Mr Thompson-We will get the dates in a second. Can I just clarify, though, that as I understand it the call centre was not closed over Christmas but it was reduced in capacity, and that advice was given to assessors via the regular communication that we have with them.
Senator «MILNE» -What do you mean by ‘reduced in capacity'?
Mr Thompson-The department notified assessors before Christmas that the call centre would be available in a limited capacity between 25 December and 10 January, and the limited capacity-
Ms Kruk -Assessors could cancel bookings or reschedule bookings but they could not make new bookings.
Senator «MILNE»-So, for the purposes of new bookings the call centre was closed and there was no other mechanism for assessors, other than those at Fieldforce, to make bookings during that period?
Mr Thompson -I would have to clarify whether that is the case. I understand what you are asking but I do not know whether that is the case.
Senator «MILNE»-If they can only cancel them or reschedule them and not make new bookings, is there any other mechanism for a self-employed or small business or somebody who is not employed by Fieldforce to make a booking over that period?
Mr Thompson-The assumption that you are making in that comment, though, is that the arrangements with Fieldforce continued to operate during that period, and I would have to clarify that.
Senator «MILNE»-That is what I am coming to. I am wanting to clarify first that, if you were not employed by Fieldforce, there was no capacity for you during that four-week period to make a booking; at least in that four weeks and then a limited period in the following two? Is that correct?
Mr Thompson -The call centre was only on limited operations for the period 25 December to 10 January, so it is not four weeks.
Senator Wong-Christmas Day to 10 January-so some 16 days-which obviously includes a number of public holidays. So, in that period the evidence here is that the call centre was only operating in a limited capacity to reschedule or cancel bookings. Your question is that for that period whether or not Fieldforce was able to make bookings?
Senator «MILNE»-Yes, and to clarify further, my understanding is that the call centre remained closed for new bookings for a further two weeks after 10 January. Is that not correct? What was the arrangement after 10 January? Was it business as usual?
Mr Thompson -That is not the advice I have. The advice I have is that it resumed on 11 January.
Senator «MILNE» -So, it was business as usual from 11 January?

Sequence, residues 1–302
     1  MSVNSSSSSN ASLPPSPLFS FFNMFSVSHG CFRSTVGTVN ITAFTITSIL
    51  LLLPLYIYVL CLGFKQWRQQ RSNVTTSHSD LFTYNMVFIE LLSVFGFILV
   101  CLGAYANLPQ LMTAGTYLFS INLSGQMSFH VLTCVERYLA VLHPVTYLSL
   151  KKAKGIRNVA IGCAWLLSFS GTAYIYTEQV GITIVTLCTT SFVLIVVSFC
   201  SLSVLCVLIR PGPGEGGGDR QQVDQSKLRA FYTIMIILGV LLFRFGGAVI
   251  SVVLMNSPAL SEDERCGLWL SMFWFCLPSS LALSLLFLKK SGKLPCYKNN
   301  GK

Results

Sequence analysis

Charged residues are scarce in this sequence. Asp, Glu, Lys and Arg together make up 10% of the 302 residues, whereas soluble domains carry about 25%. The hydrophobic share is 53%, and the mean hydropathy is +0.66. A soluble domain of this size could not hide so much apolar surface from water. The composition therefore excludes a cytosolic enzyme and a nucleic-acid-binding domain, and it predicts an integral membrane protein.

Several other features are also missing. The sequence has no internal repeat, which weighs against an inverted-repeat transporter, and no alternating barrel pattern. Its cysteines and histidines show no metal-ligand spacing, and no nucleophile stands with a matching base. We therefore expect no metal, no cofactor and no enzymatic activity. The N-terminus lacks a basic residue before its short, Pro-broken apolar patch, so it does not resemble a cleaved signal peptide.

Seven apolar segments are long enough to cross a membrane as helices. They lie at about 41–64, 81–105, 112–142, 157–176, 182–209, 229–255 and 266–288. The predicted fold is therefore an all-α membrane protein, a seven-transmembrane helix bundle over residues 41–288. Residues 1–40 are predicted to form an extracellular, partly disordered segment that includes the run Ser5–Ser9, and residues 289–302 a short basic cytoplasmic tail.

Mr Thompson -Yes.
Senator «MILNE» -So, between those dates, as the minister just said, 25 December to 10 January, did Fieldforce make any bookings?
Mr Thompson -I do not have the information so I am going to have to take that on notice.
Senator Wong-That is what he is taking on notice. Mr Thompson is not able to give you the information about whether Fieldforce, in that period, had a different capacity. We will take that on notice.
Senator «MILNE»-I am very surprised you cannot answer that since you have known this is coming all week. In terms of last week-that is, the week beginning 1 February-can you tell me how many bookings Fieldforce made in that week out of the total number of bookings? I believe that you cited the figure, Ms Kruk, at 23,000 bookings in the last week, did you say?
Ms Kruk -That was the previous week.
Mr Thompson -The week before last. It was the week, I think, finishing 29 January.
Senator «MILNE»-The week finishing 29 January. So, in that week and then last week can I have the actual total number of bookings and the total number that Fieldforce booked in that time?
Senator BIRMINGHAM -What is the weekly limit that was imposed late January?
Mr Thompson-That is what I am going to answer. You might recall that in my original remarks in response to your question I referred to a weekly limit imposed from late January on Fieldforce's bookings. That limit was set at 6,000.
Senator «MILNE» -So 6,000 a week for Fieldforce as of what date in January?
Mr Thompson -As of 21 January.
Senator «MILNE»-Going to the call centre itself, was there a condition imposed that you could only get five bookings per phone call to the call centre?
Mr Thompson -That is my understanding.
Senator «MILNE»-Are you aware of the waiting times on that call centre? I have had a complaint from a particular Melbourne company that said it made 15 attempts to get into an automated queue and once in the automated queue it waited two hours and then could make only five bookings and start the process again? Given that companies or individuals could make five bookings and it took them in excess of two hours to do that, hanging on the phone, how did Fieldforce get a 6,000 allowance? You can see the inequity here and why people are very angry?
Mr Thompson-Your question and comment have a number of parts to them. At the outset I would say that the department is very conscious of the level of anxiety that it is causing for individual assessors and company assessors who are having trouble accessing our call centre and making bookings through that mechanism. Our call centre itself is constantly feeding back to us the anxiety that it is causing assessors, and our own staff are taking a number of those calls as well. We understand that. We appreciate it. It is not a situation that we are happy about.
We have significantly increased the number of resources to the call centre. In terms of the Fieldforce arrangement, as I said before, we entered into that arrangement in order to reduce the pressure on the call centre to free up that resource for other assessors within the sector. I understand that that appears inequitable, but that is why we entered into that arrangement.